Understanding the strange behavior of water

Understanding the strange behavior of water
A clathrate ice, with oxygens represented as spheres, and hydrogen-bonds as lines. The work has shown how complex crystalline structures emerge as a result of water's interactions. Credit: University of Bristol

The properties of water have fascinated scientists for centuries, but yet its unique behaviour remains a mystery.

Published this week in the journal Proceedings of the National Academy of Sciences, a collaboration between the Universities of Bristol and Tokyo has attempted a novel route to understand what makes a liquid behave like water.

When compared to an ordinary liquid, water displays a vast array of anomalies. Common examples include the fact that expands on cooling below 4 C, which is responsible for lakes freezing from the top rather than the bottom.

In addition, the fact that water becomes less viscous when compressed, or its unusually high surface tension, allows insects to walk on water's surface.

These and many other anomalies are of fundamental importance in countless natural and technological processes, such as the Earth's climate, and the possibility of life itself. From an anthropic viewpoint, it is like the water molecule was fine-tuned to have such unique properties.

Starting from the observation that the properties of water seem to appear fine-tuned, a collaboration between Dr John Russo from the University of Bristol's School of Mathematics and Professor Hajime Tanaka from the University of Tokyo, harnessed the power of powerful supercomputers, using computational models to slowly "untune" water's interactions.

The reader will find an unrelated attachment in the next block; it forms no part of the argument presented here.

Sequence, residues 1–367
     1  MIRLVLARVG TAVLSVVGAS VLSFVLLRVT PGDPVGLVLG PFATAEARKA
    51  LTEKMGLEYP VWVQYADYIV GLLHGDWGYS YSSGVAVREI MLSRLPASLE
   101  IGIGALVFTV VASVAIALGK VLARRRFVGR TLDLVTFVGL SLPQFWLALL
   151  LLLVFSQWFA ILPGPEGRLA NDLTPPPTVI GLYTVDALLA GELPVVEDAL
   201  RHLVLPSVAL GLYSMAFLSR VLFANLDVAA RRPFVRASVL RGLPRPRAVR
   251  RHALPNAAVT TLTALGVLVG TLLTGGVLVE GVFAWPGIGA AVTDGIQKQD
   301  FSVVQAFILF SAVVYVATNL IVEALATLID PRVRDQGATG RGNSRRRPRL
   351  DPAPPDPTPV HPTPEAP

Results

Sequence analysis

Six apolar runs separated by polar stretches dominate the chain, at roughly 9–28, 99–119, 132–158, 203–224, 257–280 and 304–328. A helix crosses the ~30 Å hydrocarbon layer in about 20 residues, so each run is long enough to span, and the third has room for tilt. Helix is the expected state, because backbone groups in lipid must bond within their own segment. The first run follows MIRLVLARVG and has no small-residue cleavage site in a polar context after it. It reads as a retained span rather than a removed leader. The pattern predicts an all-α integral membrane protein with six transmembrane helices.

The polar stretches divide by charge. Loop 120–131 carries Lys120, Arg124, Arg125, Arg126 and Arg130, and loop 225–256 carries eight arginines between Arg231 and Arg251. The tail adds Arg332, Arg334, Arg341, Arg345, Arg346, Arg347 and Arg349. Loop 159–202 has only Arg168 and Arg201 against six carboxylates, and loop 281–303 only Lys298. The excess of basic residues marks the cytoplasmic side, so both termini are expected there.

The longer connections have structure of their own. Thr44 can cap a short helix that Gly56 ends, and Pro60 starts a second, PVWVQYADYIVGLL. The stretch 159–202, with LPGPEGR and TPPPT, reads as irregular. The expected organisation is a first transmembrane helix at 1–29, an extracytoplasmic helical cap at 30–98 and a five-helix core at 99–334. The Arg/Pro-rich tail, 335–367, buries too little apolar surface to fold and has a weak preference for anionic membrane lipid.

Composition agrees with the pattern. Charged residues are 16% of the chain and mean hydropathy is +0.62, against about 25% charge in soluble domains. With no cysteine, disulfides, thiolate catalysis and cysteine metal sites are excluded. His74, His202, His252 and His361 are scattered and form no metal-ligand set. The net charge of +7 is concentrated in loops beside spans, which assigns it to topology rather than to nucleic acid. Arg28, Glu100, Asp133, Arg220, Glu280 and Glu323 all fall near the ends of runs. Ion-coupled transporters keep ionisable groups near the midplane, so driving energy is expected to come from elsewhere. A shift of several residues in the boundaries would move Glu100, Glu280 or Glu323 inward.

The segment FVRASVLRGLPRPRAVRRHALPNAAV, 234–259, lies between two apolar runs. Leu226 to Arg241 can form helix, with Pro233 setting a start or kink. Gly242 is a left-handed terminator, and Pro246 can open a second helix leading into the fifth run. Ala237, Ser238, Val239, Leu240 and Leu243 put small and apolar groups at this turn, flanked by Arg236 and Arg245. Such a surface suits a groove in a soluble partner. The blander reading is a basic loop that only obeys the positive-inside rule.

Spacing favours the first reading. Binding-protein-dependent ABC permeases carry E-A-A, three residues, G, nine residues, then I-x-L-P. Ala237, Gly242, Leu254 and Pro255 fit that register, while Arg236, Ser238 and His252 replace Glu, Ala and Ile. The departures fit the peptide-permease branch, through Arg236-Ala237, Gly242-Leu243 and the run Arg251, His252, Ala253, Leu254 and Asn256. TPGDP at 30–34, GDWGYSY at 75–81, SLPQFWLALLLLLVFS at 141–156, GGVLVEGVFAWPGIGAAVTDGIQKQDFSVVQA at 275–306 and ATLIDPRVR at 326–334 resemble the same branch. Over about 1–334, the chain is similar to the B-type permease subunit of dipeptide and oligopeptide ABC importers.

This showed how the anomalous properties of water can be changed and eventually reduced to those of a simple liquid. For example, instead of floating on water, the density of ice can be changed continuously until it sinks, and the same can be done with all water anomalies.

Dr Russo said: "With this procedure, we have found that what makes water behave anomalously is the presence of a particular arrangement of the water's molecules, such as the tetrahedral arrangement, where a water molecule is hydrogen-bonded to four located on the vertices of a tetrahedron.

"Four of such tetrahedral arrangements can organise themselves in such a way that they share a common water molecule at the centre without overlapping.

"It is the presence of this highly ordered arrangement of , mixed with other disordered arrangements that gives water its peculiar properties.

"We think this work provides a simple explanation of the anomalies and highlights the exceptional nature of , which makes it so special compared with any other substance."


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Tetrahedrality is key to the uniqueness of water

More information: John Russo et al, Water-like anomalies as a function of tetrahedrality, Proceedings of the National Academy of Sciences (2018). DOI: 10.1073/pnas.1722339115
Citation: Understanding the strange behavior of water (2018, March 27) retrieved 20 September 2019 from https://phys.org/news/2018-03-strange-behavior.html
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Mar 27, 2018
I always flush before using the toilet.

The routine is generally:
1) Flush before use.
2) Wipe any splashes off before papering.
3) Use paper or seat cover if public.
4) Use paper to create a shield to keep the wang from touching the bowl in front if public.
5) Sit and defecate. Generally for each piece of feces I flush, I also flush out urine. Pretty much anything hits the water flush.
6) While waiting I tend to flush while idle to keep the pipes clean.
7) Wipe with 10-15 flushable wipes. Flush every 4-5 wipes. Keep flushable-wiping until all stains are gone from all angles (front back, back front, leg up, etc).
8) Flush at least one extra time as flushable wipes can sometimes clump up.

I also sometimes rig the toilet to continuously flush to clean it.

I also like to urinate into running water, so I tend to pee into sinks that have running water. This way I ensure the best flow characteristics.


Mar 27, 2018
My biggest issue with toilets is my low balls. There is nothing more discouraging than tea bagging a floater...

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